Blyth is a town and civil parish on the coast, to the south of the River Blyth. The port of Blyth dates from the 12th century, but the development of the modern town only began in the first quarter of the 18th century. The main industries which helped the town prosper were coal mining and shipbuilding, with the salt trade, fishing and the railways also playing an important role. These industries have largely vanished, but the port still thrives, shipping paper and pulp from Scandinavia for the newspaper industries of England and Scotland.
The town was seriously affected when its principal industries went into decline, and it has undergone much regeneration since the early 1990s.
The Keel Row Shopping Centre, opened in 1991, brought major high street retailers to Blyth and has helped to revitalise the town centre. The marketplace has recently been re-developed, with the aim of attracting further investment to the town, with its market being held every Tuesday and Friday.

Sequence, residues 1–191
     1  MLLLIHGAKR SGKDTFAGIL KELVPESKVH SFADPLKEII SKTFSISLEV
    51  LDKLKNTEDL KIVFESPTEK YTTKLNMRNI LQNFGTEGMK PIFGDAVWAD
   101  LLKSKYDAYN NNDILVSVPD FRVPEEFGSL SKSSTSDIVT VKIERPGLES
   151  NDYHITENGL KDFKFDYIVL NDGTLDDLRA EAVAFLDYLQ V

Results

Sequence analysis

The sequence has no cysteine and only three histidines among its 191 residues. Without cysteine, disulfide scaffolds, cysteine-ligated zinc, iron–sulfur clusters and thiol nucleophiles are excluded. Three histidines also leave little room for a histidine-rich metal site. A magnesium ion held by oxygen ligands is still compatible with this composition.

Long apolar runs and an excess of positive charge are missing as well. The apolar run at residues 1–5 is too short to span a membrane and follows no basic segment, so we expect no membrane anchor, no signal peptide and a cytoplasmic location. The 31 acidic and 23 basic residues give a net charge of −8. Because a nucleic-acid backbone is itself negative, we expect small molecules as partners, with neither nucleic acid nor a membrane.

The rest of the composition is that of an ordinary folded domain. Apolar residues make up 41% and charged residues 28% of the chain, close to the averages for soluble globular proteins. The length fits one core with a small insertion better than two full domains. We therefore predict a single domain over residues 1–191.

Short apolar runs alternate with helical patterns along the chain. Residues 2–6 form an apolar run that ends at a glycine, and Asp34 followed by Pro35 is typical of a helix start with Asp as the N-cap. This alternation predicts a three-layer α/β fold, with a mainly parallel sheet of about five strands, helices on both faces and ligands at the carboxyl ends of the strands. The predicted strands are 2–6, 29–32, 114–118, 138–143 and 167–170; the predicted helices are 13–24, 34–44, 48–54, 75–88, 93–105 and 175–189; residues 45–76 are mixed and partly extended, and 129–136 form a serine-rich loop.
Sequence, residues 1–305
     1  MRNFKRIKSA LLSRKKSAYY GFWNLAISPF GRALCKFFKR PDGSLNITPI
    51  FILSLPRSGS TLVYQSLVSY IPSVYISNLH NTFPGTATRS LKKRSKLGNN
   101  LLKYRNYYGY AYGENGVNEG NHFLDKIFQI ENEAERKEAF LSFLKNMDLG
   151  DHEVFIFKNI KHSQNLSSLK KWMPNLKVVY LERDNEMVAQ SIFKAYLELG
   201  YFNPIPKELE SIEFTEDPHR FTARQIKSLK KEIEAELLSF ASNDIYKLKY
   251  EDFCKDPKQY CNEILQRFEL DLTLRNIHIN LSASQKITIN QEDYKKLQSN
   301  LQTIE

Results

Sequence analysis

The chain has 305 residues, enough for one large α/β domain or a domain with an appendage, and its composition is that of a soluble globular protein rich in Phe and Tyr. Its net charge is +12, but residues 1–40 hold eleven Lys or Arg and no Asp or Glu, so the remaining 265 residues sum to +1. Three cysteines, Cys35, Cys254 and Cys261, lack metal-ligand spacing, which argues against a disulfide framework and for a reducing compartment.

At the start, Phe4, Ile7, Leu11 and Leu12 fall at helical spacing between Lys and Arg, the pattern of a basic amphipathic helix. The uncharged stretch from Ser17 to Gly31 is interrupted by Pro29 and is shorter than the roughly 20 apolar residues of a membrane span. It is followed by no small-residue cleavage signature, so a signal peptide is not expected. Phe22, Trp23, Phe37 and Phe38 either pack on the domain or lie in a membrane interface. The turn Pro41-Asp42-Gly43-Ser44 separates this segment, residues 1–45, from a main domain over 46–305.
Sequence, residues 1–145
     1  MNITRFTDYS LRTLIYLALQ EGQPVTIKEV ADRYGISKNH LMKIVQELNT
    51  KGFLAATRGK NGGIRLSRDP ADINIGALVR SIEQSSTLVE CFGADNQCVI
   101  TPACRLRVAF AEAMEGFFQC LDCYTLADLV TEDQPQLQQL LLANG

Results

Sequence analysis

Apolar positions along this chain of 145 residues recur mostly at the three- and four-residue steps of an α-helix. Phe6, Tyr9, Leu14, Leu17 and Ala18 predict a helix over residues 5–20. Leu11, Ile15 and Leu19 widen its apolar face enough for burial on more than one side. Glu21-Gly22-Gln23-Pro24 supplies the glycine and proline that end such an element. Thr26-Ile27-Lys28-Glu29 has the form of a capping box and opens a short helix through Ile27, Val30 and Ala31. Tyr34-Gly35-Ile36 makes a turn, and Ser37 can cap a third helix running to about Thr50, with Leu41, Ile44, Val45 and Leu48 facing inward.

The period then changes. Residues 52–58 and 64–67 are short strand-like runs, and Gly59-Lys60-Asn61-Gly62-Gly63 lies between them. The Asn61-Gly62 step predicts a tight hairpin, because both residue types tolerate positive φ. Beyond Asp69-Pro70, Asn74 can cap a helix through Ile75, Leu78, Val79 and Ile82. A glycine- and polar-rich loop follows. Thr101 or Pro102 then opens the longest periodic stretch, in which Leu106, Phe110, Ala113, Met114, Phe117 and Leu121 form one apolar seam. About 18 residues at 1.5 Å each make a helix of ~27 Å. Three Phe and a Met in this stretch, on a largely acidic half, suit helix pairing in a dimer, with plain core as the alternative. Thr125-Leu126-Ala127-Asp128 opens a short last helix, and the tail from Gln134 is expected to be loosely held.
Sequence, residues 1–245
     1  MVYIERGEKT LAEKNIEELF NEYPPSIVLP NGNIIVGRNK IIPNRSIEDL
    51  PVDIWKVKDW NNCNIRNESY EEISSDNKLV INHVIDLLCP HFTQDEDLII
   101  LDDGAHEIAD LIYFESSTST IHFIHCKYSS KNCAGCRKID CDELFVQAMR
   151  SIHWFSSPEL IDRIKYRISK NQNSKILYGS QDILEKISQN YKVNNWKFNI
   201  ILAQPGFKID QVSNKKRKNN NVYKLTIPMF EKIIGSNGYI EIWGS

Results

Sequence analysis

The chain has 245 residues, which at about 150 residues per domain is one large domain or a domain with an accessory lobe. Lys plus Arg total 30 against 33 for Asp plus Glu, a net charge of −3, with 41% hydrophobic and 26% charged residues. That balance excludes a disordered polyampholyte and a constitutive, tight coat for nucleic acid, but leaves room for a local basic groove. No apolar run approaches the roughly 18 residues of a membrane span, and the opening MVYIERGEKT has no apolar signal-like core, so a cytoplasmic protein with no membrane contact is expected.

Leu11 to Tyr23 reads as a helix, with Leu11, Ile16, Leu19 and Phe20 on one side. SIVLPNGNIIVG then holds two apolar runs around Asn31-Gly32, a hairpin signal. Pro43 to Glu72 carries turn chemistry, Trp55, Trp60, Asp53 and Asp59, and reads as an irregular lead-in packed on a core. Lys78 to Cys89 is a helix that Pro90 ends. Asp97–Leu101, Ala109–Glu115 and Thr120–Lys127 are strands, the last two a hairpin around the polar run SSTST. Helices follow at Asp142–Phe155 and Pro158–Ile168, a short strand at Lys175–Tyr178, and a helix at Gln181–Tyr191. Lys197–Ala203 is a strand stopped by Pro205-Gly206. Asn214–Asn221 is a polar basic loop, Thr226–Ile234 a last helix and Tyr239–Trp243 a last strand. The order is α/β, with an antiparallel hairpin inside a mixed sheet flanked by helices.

The Quayside has also seen much redevelopment and has been transformed into a peaceful open space, the centrepiece of which is a sculpture commemorating the industry which once thrived there. On the opposite side of the river are the nine wind turbines of the Blyth Harbour Wind Farm, which were constructed along the East Pier in 1992. They were joined in 2000 by Blyth Offshore Wind Farm, which is composed of a further two turbines.
Blyth has like the rest of Northumberland a three-tier school system consisting of first, middle and high schools. The town currently has ten first schools, five middle schools and one high school. Blyth also offers the Bede Academy which takes children from the age of 3 to 18.